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Bioaccumulation-based silver nanoparticle toxicity in Daphnia magna and maternal impacts.
Environ Toxicol Chem. 2017 12; 36(12):3359-3366.ET

Abstract

In the present study, we tested whether bioaccumulation in specific tissues of Daphnia magna could explain silver nanoparticle (AgNP) toxicity. Daphnids were exposed to different concentrations of well-suspended AgNPs and AgNO3 . The accumulations of Ag in the whole body, gut, and nongut tissues, as well as the mortality of daphnids, were recorded over a period of 7 d. Regression analysis showed a higher degree of positive correlation between the concentration of Ag in the nongut tissues than gut tissues and the mortality of daphnids. The results strongly suggested that the toxicity of AgNPs could be better explained in terms of bioaccumulation of AgNPs in the nongut tissues. We further tested the maternal transfer of AgNPs in daphnids into the next generation using radioactive tracers, which were able to detect as low as 1.0 to 3.2% of total accumulated Ag transferred to the neonates. The AgNPs significantly affected the reproduction process during the first 2 broods after exposure, whereas AgNO3 only had significant effects on the first brood. It is possible that AgNPs have longer adverse effects than AgNO3 on the reproduction of Daphnia. The present study identified the sensitive site of AgNP toxic action in daphnids and documented the extent of maternal transfer and the significant influence of AgNPs on the reproduction of daphnids. Environ Toxicol Chem 2017;36:3359-3366. © 2017 SETAC.

Authors+Show Affiliations

Division of Life Science, Hong Kong University of Science and Technology (HKUST), Clear Water Bay, Kowloon, Hong Kong.Marine Environmental Laboratory, HKUST Shenzhen Research Institute, Shenzhen, China.Division of Life Science, Hong Kong University of Science and Technology (HKUST), Clear Water Bay, Kowloon, Hong Kong. Marine Environmental Laboratory, HKUST Shenzhen Research Institute, Shenzhen, China.

Pub Type(s)

Journal Article

Language

eng

PubMed ID

28722828

Citation

Pakrashi, Sunandan, et al. "Bioaccumulation-based Silver Nanoparticle Toxicity in Daphnia Magna and Maternal Impacts." Environmental Toxicology and Chemistry, vol. 36, no. 12, 2017, pp. 3359-3366.
Pakrashi S, Tan C, Wang WX. Bioaccumulation-based silver nanoparticle toxicity in Daphnia magna and maternal impacts. Environ Toxicol Chem. 2017;36(12):3359-3366.
Pakrashi, S., Tan, C., & Wang, W. X. (2017). Bioaccumulation-based silver nanoparticle toxicity in Daphnia magna and maternal impacts. Environmental Toxicology and Chemistry, 36(12), 3359-3366. https://doi.org/10.1002/etc.3917
Pakrashi S, Tan C, Wang WX. Bioaccumulation-based Silver Nanoparticle Toxicity in Daphnia Magna and Maternal Impacts. Environ Toxicol Chem. 2017;36(12):3359-3366. PubMed PMID: 28722828.
* Article titles in AMA citation format should be in sentence-case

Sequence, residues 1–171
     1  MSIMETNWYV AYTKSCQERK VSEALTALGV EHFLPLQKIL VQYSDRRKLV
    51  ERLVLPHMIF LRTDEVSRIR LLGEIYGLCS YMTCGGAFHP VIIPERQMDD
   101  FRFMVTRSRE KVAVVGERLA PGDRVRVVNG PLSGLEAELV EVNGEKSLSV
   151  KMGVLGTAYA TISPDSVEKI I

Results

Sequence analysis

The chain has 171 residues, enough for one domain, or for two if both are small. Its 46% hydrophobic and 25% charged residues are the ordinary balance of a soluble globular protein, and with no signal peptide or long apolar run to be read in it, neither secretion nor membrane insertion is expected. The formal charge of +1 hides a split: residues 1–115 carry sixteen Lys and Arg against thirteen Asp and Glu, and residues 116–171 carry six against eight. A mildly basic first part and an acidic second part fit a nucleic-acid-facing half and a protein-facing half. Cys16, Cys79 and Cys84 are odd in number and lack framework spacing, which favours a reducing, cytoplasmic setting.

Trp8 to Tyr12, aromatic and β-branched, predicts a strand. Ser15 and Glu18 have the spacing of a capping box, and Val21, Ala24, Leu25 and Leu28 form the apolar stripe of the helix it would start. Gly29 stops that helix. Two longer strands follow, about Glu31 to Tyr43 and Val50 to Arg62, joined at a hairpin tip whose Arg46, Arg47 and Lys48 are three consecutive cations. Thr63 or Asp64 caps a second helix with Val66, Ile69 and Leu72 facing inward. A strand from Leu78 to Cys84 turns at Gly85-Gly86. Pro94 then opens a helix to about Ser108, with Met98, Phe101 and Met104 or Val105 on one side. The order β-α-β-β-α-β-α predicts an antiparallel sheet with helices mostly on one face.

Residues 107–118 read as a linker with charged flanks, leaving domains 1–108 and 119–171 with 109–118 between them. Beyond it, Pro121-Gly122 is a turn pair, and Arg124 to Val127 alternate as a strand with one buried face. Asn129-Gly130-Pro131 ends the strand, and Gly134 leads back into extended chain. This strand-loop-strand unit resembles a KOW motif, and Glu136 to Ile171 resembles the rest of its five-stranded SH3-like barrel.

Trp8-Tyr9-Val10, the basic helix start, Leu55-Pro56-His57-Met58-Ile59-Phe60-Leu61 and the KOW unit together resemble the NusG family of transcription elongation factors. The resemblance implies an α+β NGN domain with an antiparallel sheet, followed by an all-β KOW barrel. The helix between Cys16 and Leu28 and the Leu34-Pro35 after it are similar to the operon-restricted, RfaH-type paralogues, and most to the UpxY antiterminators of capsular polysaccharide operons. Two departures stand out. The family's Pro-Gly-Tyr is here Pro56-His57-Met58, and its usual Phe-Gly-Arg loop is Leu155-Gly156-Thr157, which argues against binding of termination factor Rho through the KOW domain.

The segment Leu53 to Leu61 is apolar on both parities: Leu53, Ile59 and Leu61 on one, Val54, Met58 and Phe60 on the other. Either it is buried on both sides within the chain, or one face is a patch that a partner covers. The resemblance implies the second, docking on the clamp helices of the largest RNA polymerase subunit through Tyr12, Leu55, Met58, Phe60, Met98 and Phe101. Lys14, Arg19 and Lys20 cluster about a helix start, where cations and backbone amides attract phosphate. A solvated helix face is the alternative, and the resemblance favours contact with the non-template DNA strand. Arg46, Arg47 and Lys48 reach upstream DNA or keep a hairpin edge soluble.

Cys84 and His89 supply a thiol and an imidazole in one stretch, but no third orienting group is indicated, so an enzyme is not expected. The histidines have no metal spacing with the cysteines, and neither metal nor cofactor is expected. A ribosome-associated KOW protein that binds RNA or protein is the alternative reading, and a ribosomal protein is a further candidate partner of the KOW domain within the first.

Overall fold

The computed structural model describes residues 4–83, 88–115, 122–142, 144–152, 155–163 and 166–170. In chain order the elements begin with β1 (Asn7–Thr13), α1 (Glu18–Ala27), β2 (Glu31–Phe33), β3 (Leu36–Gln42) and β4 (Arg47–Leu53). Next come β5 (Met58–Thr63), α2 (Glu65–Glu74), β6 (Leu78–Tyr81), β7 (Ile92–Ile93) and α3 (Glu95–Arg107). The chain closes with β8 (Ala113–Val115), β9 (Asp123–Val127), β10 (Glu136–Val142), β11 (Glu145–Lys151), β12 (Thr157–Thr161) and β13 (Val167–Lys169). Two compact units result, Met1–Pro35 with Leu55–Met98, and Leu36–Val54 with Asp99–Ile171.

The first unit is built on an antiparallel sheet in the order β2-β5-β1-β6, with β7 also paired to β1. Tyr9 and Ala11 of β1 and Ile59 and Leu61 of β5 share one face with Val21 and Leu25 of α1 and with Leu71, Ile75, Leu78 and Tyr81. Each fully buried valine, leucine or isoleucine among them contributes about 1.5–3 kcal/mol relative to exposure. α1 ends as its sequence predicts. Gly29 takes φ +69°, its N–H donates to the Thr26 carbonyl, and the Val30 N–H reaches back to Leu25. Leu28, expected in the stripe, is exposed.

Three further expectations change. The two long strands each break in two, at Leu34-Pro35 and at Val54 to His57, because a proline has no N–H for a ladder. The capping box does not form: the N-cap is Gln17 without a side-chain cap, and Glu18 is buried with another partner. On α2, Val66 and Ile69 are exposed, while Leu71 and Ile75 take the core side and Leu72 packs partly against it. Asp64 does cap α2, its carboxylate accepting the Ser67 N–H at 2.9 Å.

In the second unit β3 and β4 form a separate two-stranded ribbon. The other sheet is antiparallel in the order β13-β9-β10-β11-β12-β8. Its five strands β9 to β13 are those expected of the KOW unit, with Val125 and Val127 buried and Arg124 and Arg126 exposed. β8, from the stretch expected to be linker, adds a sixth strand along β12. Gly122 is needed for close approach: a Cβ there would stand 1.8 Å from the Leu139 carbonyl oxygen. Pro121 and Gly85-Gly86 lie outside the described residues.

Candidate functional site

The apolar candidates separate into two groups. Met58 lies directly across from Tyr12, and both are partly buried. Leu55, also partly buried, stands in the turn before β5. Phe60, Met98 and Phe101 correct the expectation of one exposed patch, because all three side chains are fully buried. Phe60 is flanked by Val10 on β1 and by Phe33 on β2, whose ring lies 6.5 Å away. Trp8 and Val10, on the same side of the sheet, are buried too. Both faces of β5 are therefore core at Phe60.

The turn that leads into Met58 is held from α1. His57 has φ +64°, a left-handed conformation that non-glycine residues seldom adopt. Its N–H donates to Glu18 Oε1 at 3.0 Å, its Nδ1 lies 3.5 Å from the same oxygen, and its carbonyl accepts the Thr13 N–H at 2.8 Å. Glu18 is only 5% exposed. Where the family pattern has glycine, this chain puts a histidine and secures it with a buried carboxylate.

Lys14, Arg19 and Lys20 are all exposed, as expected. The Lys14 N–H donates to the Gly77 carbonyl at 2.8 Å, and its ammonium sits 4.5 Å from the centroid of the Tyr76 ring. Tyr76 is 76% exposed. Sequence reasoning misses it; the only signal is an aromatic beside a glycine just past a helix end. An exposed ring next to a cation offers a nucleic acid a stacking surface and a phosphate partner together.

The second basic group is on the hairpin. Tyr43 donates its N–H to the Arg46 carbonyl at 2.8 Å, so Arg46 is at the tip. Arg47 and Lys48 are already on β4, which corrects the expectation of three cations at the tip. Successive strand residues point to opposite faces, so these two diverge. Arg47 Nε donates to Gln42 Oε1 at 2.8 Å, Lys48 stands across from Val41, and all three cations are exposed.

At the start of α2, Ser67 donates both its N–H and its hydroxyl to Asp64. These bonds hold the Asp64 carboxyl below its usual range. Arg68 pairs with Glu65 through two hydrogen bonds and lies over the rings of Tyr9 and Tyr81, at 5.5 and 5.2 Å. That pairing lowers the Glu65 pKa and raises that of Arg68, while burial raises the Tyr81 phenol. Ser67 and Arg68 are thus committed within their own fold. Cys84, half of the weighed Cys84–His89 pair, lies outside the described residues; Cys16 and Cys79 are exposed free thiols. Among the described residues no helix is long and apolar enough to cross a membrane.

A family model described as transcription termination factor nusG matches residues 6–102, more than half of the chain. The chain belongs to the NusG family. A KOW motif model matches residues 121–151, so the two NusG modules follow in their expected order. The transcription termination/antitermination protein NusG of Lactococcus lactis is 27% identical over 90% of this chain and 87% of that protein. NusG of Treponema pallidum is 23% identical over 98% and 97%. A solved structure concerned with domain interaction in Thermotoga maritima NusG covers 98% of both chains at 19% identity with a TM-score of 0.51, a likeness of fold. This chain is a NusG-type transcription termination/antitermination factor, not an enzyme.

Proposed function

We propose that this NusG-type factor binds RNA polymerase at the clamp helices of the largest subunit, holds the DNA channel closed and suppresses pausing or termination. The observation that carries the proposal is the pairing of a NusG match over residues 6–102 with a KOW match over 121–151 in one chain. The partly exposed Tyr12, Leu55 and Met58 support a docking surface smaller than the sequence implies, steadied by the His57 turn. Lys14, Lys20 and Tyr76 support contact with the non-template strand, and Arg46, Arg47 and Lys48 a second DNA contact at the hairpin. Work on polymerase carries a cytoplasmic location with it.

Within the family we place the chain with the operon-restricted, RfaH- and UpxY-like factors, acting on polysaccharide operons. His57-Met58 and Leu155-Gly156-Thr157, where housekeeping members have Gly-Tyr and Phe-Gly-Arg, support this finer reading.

TY - JOUR T1 - Bioaccumulation-based silver nanoparticle toxicity in Daphnia magna and maternal impacts. AU - Pakrashi,Sunandan, AU - Tan,Cheng, AU - Wang,Wen-Xiong, Y1 - 2017/08/23/ PY - 2017/05/02/received PY - 2017/06/13/revised PY - 2017/07/13/accepted PY - 2017/7/20/pubmed PY - 2017/12/5/medline PY - 2017/7/20/entrez KW - Bioaccumulation KW - Daphnia KW - Maternal transfer KW - Silver nanoparticle KW - Toxicity SP - 3359 EP - 3366 JF - Environmental toxicology and chemistry JO - Environ Toxicol Chem VL - 36 IS - 12 N2 - In the present study, we tested whether bioaccumulation in specific tissues of Daphnia magna could explain silver nanoparticle (AgNP) toxicity. Daphnids were exposed to different concentrations of well-suspended AgNPs and AgNO3 . The accumulations of Ag in the whole body, gut, and nongut tissues, as well as the mortality of daphnids, were recorded over a period of 7 d. Regression analysis showed a higher degree of positive correlation between the concentration of Ag in the nongut tissues than gut tissues and the mortality of daphnids. The results strongly suggested that the toxicity of AgNPs could be better explained in terms of bioaccumulation of AgNPs in the nongut tissues. We further tested the maternal transfer of AgNPs in daphnids into the next generation using radioactive tracers, which were able to detect as low as 1.0 to 3.2% of total accumulated Ag transferred to the neonates. The AgNPs significantly affected the reproduction process during the first 2 broods after exposure, whereas AgNO3 only had significant effects on the first brood. It is possible that AgNPs have longer adverse effects than AgNO3 on the reproduction of Daphnia. The present study identified the sensitive site of AgNP toxic action in daphnids and documented the extent of maternal transfer and the significant influence of AgNPs on the reproduction of daphnids. Environ Toxicol Chem 2017;36:3359-3366. © 2017 SETAC. SN - 1552-8618 UR - https://www.unboundmedicine.com/medline/citation/28722828/Bioaccumulation_based_silver_nanoparticle_toxicity_in_Daphnia_magna_and_maternal_impacts_ L2 - https://doi.org/10.1002/etc.3917 DB - PRIME DP - Unbound Medicine ER -
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